Cal Chamber lists ‘jobs killer’ bills

April 13, 2012

By Joseph Perkins

Nearly two and a half years into California’s recovery from its worst economic downturn since the Great Depression, more than 2 million state residents are officially unemployed.

Another 1 million are either underemployed–working part-time or temporary jobs when they really want full-time, permanent work–or so discouraged by the state job market that they’ve dropped out of the labor force.

Against that backdrop, the California Chamber of Commerce released this week its annual list of “job killing” legislation currently under consideration by lawmakers inS acramento. The chamber identified 23 bills, five of which particularly stood out to me.

They include:

AB 1963, by Assembly member Alyson Huber, D-Dorado Hills; and AB 2540, by Mike Gatto, D-Los Angeles. The bills would impose a new tax-and-use base on a number of services. It would fall hard on the state’s small businesses that will not benefit from proposed reductions in other tax rates (which probably wouldn’t materialize anyway).

AB 1439, by Assemblyman Luis Alejo, D-Salinas, would automatically increase the state minimum wage each year by the rate of inflation, even during an economic downtown. This may appear beneficial to workers, but it really is not.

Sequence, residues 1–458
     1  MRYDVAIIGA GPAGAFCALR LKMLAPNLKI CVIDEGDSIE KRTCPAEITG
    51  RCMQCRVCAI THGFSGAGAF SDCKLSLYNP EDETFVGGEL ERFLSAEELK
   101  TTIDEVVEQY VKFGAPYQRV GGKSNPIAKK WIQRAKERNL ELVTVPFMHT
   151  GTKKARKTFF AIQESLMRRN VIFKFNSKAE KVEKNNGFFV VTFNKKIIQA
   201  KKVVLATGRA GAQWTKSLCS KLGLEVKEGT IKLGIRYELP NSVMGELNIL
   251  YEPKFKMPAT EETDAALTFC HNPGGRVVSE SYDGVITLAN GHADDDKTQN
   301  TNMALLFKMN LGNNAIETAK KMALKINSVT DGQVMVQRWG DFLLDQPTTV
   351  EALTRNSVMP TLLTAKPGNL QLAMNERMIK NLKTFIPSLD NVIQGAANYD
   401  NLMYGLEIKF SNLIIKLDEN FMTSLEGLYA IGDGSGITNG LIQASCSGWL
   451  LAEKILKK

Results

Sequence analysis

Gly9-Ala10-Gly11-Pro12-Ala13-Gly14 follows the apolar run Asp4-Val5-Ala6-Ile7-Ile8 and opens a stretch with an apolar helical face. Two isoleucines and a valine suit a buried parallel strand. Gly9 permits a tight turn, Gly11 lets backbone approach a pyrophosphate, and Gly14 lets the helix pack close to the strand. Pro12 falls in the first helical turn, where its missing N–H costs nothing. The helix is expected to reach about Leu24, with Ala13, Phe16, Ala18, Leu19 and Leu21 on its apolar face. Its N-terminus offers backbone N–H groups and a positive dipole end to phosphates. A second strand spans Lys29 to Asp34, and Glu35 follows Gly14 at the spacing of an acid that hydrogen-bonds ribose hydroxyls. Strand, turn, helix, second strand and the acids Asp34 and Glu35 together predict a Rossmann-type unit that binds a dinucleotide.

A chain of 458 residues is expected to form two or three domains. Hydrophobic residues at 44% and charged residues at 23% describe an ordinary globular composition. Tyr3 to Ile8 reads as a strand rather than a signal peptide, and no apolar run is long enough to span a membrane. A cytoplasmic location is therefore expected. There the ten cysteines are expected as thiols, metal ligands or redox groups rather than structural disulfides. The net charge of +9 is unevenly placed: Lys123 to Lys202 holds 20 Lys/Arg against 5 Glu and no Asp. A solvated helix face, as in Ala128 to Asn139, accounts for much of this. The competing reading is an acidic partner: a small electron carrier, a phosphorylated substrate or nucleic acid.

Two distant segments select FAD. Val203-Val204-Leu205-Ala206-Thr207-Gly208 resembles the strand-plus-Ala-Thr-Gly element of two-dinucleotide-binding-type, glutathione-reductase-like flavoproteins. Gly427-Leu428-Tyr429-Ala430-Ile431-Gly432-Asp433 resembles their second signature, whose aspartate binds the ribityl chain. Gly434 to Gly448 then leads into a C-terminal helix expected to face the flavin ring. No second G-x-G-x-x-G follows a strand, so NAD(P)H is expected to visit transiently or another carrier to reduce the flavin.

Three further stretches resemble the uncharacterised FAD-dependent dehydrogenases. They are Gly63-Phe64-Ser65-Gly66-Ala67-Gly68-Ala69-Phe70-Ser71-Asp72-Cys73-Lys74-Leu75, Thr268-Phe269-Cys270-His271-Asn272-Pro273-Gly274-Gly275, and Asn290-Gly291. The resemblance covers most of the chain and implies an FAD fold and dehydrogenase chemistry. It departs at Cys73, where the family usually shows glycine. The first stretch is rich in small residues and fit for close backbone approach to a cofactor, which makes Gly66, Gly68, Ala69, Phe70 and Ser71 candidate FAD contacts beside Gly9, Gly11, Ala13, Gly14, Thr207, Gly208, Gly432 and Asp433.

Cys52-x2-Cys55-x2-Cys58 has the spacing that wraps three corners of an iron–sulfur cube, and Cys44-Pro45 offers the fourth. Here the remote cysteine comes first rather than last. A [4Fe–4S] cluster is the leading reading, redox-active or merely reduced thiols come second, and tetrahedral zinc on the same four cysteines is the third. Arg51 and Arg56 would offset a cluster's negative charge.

For when the minimum wage increases, it puts upward pressure on all wages. That raises overall labor costs for businesses, discouraging them from hiring new workers.

AB 1808, by Assemblyman Das Williams, D-Santa Barbara, would significantly expand the definition of “public employee” to include employees of private employers where a public agency “shares” in the employment decisions of those privately-employed workers.

The legislation is a sop to public employee unions, seeking to grow their ranks to further increase their political influence in the state capital, by recruiting in private workplaces.

But there is a reason most of California private employers are non-unionized: Unionized labor is more expensive. And when labor is more expensive, employers can’t afford as many workers.

Then there’s AB 2039, authored by Assembly member Sandre Swanson, D-Alameda, which would expand the category of individuals with serious health conditions for which an employee can take a leave of absence.

This mandated benefit is beyond that which is required by the federal Family Medical Leave Act; and beyond the protected leave requirements of any of the other 49 states. It would ratchet up the cost of hiring and retaining workers in California, a burden borne disproportionately by the state’s small businesses.

Even if these were boom times, if the California economy was flourishing, if the state’s employers were adding record numbers of workers to their payrolls, it would be imprudent for the Legislature to enact any of the 23 job killer bills identified by the Chamber.

But it would be especially so during these challenging economic times when some 3 million Californians are either unemployed, underemployed or so discouraged that they have given up hope of finding a job.

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